ESPE Abstracts (2014) 82 P-D-3-1-663

Hypovitaminosis D: Factors Affecting in Spanish Children and Adolescents

Rosaura Leisa, Rocio Vazqueza, Luisa Maria Seoaneb, Silvia Barja-Fernandeza,b, Isabel Martinez-Silvac, Concepcion M Aguilerad, Josune Olzad, Mercedes Gil-Campose, Lidia Castro-Feijoof, Carmen Cadarso-Suarezc, Angel Gild & Rafael Tojoa

aUnit of Investigation in Nutrition, Growth and Human Development of Galicia, Pediatric Department (USC), Complexo Hospitalario Universitario de Santiago (IDIS/SERGAS), Santiago de Compostela, Spain; bEndocrine Physiopathology Group, Complexo Hospitalario Universitario de Santiago (IDIS/SERGAS), Santiago de Compostela, Spain; cUnit of Biostatistics, Department of Statistics and Operations Research (USC), Santiago de Compostela, Spain; dDepartment of Biochemistry and Molecular Biology II, Institute of Nutrition and food Technology, Center for Biomedical Research (UGR), Granada, Spain; ePediatric Research and Metabolism Unit, Reina Sofia University Hospital (IMIBIC), Cordoba, Spain; fPediatric Endocrinology, Pediatric Department (USC), Complexo Hospitalario Universitario de Santiago (IDIS/SERGAS), Santiago de Compostela, Spain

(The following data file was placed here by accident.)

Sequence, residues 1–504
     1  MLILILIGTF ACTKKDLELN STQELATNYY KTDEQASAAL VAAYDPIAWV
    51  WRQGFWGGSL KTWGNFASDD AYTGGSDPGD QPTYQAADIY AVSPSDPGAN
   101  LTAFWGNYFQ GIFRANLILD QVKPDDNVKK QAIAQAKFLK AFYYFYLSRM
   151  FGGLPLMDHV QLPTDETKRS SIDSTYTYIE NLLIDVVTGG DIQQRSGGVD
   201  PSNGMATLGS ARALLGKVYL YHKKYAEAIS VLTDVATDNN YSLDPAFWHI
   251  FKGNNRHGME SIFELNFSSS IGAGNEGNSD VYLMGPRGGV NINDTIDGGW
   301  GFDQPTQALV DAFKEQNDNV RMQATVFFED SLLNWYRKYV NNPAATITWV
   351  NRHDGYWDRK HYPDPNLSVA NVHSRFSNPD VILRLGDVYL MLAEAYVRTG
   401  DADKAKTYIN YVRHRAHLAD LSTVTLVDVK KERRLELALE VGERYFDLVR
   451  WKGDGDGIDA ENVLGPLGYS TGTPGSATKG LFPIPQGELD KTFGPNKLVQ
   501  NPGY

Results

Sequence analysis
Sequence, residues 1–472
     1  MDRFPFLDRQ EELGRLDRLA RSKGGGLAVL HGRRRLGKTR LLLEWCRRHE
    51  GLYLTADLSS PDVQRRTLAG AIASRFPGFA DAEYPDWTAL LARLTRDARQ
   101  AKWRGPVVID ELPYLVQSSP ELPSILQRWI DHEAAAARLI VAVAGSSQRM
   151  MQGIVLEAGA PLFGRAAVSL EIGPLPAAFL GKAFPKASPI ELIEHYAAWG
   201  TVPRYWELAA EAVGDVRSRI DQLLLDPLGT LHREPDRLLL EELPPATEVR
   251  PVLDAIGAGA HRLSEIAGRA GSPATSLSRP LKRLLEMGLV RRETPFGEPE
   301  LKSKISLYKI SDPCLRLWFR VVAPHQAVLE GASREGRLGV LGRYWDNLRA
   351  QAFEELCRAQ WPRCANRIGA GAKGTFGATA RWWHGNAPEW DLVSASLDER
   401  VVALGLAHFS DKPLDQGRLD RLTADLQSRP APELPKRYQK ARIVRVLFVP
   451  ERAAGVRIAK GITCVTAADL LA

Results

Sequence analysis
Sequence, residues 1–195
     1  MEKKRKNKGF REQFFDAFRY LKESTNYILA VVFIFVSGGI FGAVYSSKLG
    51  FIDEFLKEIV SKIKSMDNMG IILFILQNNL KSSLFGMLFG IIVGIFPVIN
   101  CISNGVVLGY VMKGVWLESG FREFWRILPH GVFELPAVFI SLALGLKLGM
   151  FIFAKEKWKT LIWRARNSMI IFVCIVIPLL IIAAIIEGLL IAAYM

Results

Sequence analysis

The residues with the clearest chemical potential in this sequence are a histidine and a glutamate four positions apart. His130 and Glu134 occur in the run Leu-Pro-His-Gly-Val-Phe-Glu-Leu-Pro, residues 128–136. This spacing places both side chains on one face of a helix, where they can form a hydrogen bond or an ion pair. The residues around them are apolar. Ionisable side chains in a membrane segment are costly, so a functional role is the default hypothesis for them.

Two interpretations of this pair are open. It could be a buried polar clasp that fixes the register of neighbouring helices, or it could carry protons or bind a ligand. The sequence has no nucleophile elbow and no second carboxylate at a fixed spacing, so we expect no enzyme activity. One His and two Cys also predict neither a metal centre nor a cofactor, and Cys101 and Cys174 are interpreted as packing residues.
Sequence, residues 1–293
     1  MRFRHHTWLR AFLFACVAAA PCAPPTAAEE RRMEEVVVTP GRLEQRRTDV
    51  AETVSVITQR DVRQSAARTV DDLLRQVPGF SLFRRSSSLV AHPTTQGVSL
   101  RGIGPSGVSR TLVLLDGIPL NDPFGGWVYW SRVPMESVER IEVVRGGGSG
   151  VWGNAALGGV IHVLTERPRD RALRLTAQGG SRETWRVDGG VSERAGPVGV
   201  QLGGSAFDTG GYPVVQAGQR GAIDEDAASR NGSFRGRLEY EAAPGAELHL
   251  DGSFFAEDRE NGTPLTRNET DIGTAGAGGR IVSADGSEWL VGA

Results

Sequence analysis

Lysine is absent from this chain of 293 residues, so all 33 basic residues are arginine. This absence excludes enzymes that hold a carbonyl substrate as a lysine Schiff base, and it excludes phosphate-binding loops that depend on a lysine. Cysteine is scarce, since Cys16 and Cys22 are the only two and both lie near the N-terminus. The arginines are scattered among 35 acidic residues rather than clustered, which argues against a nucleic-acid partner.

Background: Vitamin D adequate concentration is essential for growth, development and health during vital cycle. Hypovitaminosis D pandemic is associated with a wide range of pathologies.

Objective and hypotheses: The objectives of the present study were to characterize vitamin D status in children and adolescents residing in Galicia (Northwest of Spain, latitude 43°N) and to determine if serum 25-hydroxy-vitamin D (25(OH)D) concentration is related to age, gender, pubertal period and adiposity.

Method: Serum 25(OH)D levels were measured by LIAISON method in 471 children and adolescents (2–18 years age) and analyzed in correlation to age, gender, pubertal period and adiposity, measured by BMI.

Results: An overall prevalence of hypovitaminosis D was present in the 67.1%. Females had significantly lower serum 25(OH)D levels (25.56±14.03 ng/ml) than males (29.71±17.10 ng/ml) (P=0.004). Lower 25(OH)D levels were found in pubertal (25.52±13.97) than prepubertal (29.21±16.83 ng/ml) (P=0.011) children. In children, an inverse lineal effect of BMI (P=0.015, lineal coefficient (β)=−0.3191) and age (P=0.043, lineal coefficient (β)=−0.4109) on 25(OH)D concentration was observed.

Conclusion: In conclusion, it was found a high prevalence of low vitamin D status levels in children and adolescents from Galicia. The association of age, gender, pubertal period and adiposity with 25(OH)D levels was established. Obese pubertal males are special risk group of hypovitaminosis D, so it is necessary to control their vitamin D levels to establish intervention and prevention strategies including vitamin D supplements.